Now. To be honest, I had a mind to pick callipygian, an adjective, meaning “having shapely buttocks,” partly in response to the choice of uxorious that was imposed on me some weeks ago. But I obdurately stuck to my guns. (Get it?)

Anyway, a Google search for callipygian is a M.N.S.F.W. misadventure in Kim Kardashian articles. Obdurate is far more durable. Observe:

  • From The Daily News! “More than 75 percent of MPs are in favor of parliament functioning normally but the BJP is being ‘obdurate and stubborn’ in holding up proceedings over the coal blocks allocation, Parliamentary Affairs Minister Pawan Kumar Bansal said Monday.”
  • The Financial Times! “Egregious recent examples of bad corporate governance suggest that some very old governance chestnuts remain as obdurate as ever.”
  • The Irish Post! “We’ve seen his side take commanding leads in both games but, obdurate as ever, Kilkenny have always charged back at them.”

 

The Sunday Debate

Today, by contrast, the leaders of the Episcopal Church and similar bodies often don’t seem to be offering anything you can’t already get from a purely secular liberalism.

via Can Liberal Christianity Be Saved? – NYTimes.com.

It means that effortful adherence to religious or philosophical dictums often requiring meditation, prayer or moral education, though clearly valuable and capable of producing results, is not the only way to go.

via The Science of Compassion – NYTimes.com.

‘A Time to Keep Silence’

A Time to Keep SilenceA Time to Keep Silence by Patrick Leigh Fermor

My rating: 5 of 5 stars

Shh-h-h-h.

[Pause.]

Recommended, to his fans. Again.

“Silence” is a pleasing, and brief, dissertation on meditative meaning and monastic history, with all the usual Fermor qualities.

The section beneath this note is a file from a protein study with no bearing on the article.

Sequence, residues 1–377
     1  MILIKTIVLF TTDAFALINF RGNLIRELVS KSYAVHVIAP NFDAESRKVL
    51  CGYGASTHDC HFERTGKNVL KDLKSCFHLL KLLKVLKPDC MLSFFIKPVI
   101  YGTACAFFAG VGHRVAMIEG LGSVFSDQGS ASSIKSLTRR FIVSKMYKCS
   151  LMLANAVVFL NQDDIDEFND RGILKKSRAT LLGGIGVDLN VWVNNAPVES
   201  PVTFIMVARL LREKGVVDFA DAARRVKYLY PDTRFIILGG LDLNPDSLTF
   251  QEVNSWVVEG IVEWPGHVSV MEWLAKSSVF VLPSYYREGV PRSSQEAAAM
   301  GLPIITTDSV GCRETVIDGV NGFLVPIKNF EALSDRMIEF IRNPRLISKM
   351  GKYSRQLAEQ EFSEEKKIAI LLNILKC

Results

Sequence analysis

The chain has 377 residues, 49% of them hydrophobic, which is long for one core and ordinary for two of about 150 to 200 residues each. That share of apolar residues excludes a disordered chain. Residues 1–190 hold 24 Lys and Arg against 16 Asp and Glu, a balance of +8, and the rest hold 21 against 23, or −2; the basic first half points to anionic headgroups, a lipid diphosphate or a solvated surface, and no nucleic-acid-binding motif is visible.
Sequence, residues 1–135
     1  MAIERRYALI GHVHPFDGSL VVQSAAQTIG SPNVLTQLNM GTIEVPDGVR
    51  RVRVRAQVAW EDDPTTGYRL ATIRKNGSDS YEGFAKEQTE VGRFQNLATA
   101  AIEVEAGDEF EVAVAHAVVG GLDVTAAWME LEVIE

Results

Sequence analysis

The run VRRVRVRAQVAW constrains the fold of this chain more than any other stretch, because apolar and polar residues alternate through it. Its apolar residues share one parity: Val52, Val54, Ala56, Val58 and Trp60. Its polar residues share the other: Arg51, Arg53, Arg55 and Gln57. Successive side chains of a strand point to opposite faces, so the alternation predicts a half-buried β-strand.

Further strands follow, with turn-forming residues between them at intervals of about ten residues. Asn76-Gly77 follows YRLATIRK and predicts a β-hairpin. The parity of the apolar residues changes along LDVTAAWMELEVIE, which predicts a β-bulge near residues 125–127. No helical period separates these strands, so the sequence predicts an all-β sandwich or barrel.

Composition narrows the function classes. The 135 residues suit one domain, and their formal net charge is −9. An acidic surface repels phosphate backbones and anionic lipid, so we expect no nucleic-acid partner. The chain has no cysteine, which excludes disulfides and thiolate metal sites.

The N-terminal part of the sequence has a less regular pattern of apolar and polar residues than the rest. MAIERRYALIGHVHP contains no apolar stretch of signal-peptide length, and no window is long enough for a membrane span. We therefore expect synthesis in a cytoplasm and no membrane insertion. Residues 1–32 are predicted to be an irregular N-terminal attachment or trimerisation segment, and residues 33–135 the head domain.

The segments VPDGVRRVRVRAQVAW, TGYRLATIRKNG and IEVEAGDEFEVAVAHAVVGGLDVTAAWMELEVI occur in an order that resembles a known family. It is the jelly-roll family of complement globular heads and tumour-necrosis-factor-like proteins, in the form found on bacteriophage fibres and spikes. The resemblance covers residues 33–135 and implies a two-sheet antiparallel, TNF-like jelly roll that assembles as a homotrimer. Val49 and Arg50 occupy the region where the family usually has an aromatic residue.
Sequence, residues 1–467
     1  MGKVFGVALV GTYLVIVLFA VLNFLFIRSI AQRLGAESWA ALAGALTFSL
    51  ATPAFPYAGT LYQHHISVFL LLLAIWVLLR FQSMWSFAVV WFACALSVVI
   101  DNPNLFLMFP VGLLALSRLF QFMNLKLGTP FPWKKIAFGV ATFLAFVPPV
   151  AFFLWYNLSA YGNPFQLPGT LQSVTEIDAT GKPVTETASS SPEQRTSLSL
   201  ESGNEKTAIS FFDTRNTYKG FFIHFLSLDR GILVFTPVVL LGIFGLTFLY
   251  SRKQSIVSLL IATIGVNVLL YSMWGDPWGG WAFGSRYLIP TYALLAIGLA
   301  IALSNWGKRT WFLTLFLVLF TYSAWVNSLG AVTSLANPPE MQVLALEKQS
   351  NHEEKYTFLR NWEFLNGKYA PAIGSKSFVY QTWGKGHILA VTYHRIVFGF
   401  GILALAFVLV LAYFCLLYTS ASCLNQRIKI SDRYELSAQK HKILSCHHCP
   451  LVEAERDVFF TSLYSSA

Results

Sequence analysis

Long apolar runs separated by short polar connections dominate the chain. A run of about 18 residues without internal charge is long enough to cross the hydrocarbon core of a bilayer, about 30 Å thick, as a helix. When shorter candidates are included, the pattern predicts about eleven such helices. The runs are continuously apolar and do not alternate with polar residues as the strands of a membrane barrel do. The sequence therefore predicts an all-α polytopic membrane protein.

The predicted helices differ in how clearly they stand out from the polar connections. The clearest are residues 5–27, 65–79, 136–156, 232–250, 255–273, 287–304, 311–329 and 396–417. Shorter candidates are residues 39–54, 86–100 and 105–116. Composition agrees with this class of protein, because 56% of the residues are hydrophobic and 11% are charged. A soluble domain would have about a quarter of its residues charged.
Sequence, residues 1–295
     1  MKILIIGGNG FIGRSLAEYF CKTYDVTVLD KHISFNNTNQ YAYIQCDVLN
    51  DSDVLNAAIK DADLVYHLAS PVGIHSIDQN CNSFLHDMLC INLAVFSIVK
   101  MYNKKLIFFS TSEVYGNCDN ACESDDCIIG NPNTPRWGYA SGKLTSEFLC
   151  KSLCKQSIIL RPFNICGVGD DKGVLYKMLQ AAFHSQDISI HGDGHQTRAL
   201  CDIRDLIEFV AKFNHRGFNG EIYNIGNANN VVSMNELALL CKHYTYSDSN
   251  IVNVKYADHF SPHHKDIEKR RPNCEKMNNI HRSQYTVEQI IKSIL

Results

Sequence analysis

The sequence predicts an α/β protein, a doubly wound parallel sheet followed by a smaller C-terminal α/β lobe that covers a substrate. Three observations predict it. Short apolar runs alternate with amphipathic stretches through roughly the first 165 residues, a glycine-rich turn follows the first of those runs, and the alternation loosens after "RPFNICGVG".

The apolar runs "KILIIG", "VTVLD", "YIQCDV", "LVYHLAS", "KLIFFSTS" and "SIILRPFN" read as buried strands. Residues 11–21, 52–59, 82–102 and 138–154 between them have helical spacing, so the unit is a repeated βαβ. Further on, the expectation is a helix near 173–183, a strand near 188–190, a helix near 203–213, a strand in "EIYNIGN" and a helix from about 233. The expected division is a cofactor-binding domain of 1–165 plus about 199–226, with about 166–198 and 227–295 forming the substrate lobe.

Try not to be distracted by the incredibly, and unnecessarily, distracting introduction in which Fermor tries to skirt his own personal disbelief in elegant and opaque fashion. “I was hindered by several disabilities,” he begins, tantalizingly, “from sharing to the utmost all the advantages a stranger may gain from monastic sojourns.”

I confess that, had I had a medical textbook handy, I might have consulted it for some hint of what Fermor was on about. But as he writes in the very next sentence, “Hints they must remain as they touch on perplexities that have little bearing on the main drift of this book…” (’Nuff said, Paddy.)

Little hint of these perplexities are discernible in the words that follow. Fermor’s agile mind is ideally suited for contemplative settings.

My own, however, tends to wander. As when Fermor described a ghastly piece of art at the Grande Trappe depicting a skeleton, with an hour-glass, scythe and the legend, “Tonight, perhaps?” Thankfully, Fermor steadied my nerves immediately: “It is scarcely marvelous that the most liberal-minded laymen have detected in such disturbing symbolism, in the perpetual silence, the ghostly costume and the pervading melancholy of a Trappist abbey, no message but one of despair and a morose delectation of Death.”

View all my reviews

Ancient Art Imitates Life

Why does yoga produce so many philanderers? And why do the resulting uproars leave so many people shocked and distraught?

via Yoga Fans Sexual Flames and, Predictably, Plenty of Scandal – NYTimes.com.

Sonia says that, after meeting Guruji, Paul concluded, “He’s the happiest person I know, and he’s not on drugs,” so, he thought, there had to be something to his system.

via Yoga-for-Trophy-Wives Fitness Fad That’s Alienating Discipline Devotees | Business | Vanity Fair.